Wednesday, April 30, 2008


The blogging slump continues, but I want to say what an honor it was to sing the premiere of Hillula last night. (We’re now considering this the real premiere; last year was really more of a workshop of parts of the whole.) The experience was at once private and public, a new feeling for me in terms of performance. Usually, once I get to performance time, it’s only about the sharing, about conveying a message to the people in the audience, moving them. But last night, I simultaneously wanted to share it with the world (look, hear, see how beautiful this is!) and keep it to myself (so special, so personal)... not unlike a new love. This work has been three years in the making, and last night was both a completion (the work) and a beginning (the life of the work). Judd and spent the train ride home brainstorming about what that life should be, exactly...

Also on the ride home, I did something I don’t think I’ve ever done immediately after a performance: I listened to the recording. I just wasn’t ready for it to be over... of course I heard things I didn’t like, but nothing that I wasn’t fully aware of in performance. A misplaced breath here, a slight chip there... details. But there were some other moments that just took my breath away. Not because I’m such a great singer, but because this piece inspired some of my best singing; Jocelyn, too, had moments of brilliance. I couldn’t have asked for a better, more beautiful, more tuned-in partner in this endeavor. When it ended (all 18 minutes of it), I took out my earbuds and said to Judd, “Thank you. I am so honored to have been part of bringing this to life.”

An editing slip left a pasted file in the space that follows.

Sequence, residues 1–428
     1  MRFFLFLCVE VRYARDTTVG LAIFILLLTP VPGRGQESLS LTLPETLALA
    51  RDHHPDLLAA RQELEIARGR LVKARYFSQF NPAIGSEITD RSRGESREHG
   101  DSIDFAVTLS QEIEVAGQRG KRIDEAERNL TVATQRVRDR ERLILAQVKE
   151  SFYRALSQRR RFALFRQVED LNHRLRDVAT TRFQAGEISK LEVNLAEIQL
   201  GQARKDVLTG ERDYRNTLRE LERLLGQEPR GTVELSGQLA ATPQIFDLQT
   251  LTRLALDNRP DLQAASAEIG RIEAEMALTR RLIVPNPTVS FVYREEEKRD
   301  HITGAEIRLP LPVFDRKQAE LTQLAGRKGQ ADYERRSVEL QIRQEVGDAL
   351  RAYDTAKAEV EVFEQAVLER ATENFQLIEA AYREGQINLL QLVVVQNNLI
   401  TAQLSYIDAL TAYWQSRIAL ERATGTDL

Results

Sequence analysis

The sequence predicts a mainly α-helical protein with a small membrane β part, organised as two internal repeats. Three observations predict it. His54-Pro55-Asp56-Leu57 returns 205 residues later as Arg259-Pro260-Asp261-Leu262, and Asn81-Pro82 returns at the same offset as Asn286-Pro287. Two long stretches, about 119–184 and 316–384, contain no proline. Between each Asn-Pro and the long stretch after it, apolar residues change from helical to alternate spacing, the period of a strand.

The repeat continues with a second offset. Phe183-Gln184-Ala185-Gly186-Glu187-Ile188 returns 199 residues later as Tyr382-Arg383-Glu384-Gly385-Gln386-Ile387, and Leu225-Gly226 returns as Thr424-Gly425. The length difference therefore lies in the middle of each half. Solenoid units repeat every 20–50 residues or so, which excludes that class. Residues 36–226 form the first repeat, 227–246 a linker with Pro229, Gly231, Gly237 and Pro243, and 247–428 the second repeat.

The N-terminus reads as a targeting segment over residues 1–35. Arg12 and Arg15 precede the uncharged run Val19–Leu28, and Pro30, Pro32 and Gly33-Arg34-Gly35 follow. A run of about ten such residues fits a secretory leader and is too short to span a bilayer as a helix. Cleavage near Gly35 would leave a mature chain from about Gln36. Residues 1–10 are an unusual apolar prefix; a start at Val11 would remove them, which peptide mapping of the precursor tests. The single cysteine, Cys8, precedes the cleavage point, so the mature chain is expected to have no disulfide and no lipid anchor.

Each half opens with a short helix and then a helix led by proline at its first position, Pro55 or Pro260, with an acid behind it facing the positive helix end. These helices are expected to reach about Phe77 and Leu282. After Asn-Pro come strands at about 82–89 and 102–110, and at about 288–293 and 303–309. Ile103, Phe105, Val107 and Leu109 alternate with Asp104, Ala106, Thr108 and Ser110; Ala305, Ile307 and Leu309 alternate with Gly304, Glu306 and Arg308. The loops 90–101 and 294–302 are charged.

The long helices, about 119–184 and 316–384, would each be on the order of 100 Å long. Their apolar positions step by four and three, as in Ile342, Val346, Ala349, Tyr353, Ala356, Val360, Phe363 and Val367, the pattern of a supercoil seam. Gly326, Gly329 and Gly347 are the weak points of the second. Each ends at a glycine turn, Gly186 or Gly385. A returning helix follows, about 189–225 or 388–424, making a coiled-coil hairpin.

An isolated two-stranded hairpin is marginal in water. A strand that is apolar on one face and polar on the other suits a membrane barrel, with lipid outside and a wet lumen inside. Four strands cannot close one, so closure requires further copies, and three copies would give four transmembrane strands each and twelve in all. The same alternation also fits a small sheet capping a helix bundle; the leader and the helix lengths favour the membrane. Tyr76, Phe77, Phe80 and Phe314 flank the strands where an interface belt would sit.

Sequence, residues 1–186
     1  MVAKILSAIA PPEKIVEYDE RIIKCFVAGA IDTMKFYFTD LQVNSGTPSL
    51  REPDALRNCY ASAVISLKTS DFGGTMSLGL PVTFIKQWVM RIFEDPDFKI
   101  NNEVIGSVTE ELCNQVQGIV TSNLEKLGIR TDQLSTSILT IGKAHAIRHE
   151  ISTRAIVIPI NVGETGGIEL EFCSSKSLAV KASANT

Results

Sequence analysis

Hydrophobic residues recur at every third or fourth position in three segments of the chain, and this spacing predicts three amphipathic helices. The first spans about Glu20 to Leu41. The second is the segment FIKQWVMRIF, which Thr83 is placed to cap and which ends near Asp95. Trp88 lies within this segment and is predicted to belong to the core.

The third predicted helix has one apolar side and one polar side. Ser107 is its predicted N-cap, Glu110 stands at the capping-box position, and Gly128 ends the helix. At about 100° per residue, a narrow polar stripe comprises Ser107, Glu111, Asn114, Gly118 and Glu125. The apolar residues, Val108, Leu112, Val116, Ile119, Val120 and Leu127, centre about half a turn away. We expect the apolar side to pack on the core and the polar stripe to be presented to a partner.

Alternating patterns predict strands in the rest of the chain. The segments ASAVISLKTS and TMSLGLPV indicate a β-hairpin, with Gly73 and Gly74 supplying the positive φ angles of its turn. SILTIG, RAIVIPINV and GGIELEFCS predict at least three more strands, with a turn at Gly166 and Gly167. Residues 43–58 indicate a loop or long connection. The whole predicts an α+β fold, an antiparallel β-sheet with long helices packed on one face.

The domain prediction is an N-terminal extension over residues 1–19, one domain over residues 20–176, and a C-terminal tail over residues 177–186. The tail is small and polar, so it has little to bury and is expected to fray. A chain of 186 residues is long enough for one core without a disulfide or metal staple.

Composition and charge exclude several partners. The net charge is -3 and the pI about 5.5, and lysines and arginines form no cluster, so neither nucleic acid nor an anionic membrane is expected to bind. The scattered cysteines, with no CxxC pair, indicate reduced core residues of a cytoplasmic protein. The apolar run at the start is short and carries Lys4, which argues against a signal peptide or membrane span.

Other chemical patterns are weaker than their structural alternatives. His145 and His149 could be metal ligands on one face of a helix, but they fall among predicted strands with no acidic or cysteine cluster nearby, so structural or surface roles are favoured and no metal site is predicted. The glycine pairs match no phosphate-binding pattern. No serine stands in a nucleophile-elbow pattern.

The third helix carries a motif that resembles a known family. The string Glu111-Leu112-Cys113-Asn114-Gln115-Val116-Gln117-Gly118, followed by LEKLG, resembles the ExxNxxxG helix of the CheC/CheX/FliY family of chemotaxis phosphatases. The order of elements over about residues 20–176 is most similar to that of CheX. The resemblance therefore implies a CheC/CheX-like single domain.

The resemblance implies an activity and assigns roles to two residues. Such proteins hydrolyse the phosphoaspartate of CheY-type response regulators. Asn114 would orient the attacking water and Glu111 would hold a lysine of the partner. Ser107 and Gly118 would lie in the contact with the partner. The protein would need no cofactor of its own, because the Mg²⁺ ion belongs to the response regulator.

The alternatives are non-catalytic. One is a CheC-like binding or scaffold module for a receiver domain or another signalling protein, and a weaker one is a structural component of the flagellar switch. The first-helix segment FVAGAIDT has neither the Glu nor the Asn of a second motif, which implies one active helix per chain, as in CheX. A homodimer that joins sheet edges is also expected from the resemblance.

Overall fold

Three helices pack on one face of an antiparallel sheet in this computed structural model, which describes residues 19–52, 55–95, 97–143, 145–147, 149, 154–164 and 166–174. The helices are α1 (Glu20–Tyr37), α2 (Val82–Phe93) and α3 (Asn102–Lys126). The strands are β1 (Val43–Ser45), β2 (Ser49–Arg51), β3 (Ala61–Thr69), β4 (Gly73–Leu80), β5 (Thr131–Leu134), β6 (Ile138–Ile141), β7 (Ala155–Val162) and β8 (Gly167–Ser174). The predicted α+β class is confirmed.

So honored.

Tuesday, April 29, 2008

Eat Food

I was tagged for this meme twice, by Alex & Tim, so I guess I need to get out of my blogging slump and get to it. (Looking in the archives, you can see that every month for the past couple of years I seem to average about a post every other day. This month, I’ve barely got a post every four days... weird. It’s not that there’s nothing going on, I’m just not blogging. Not sure what to make of it, but I think I’ll just let the slump ride itself out...)

But back to the meme. Here are the rules:
1. Pick up the nearest book.
2. Open to page 123.
3. Find the fifth sentence.
4. Post the next three sentences.
5. Tag five people, and acknowledge who tagged you.

In Defense of Food, Michael Pollan

“Studying cultured human cells, he’s found that “deficiency of vitamins C, E, B12, B6, nicin, folic acid, iron or zinc appears to mimic radiation by causing single- and double-strand DNA breaks, oxidative lesions, or both” - precursors to cancer. “This has serious implications, as half the US population may be deficient in at least one of these micronutrients.” Most of the missing micronutrients are supplied by fruits and vegetables, of which only 20 percent of American children and 32 percent of adults eat the recommended five daily servings.”

This book has absolutely confirmed my eating habits, and encouraged me to be even more diligent. For the past few years, I’ve been eating a diet very similar to the one encouraged by Pollan’s “Eater’s Manifesto:” Eat food. Not too much. Mostly plants. If all the recent scary news about the food industry has you thinking about your diet, I encourage you to pick up this book. Heck, I encourage you to pick it up anyway. The information about the history of nutrition and the commercialization of food, not to mention the fads of our diet culture, is incredibly eye-opening.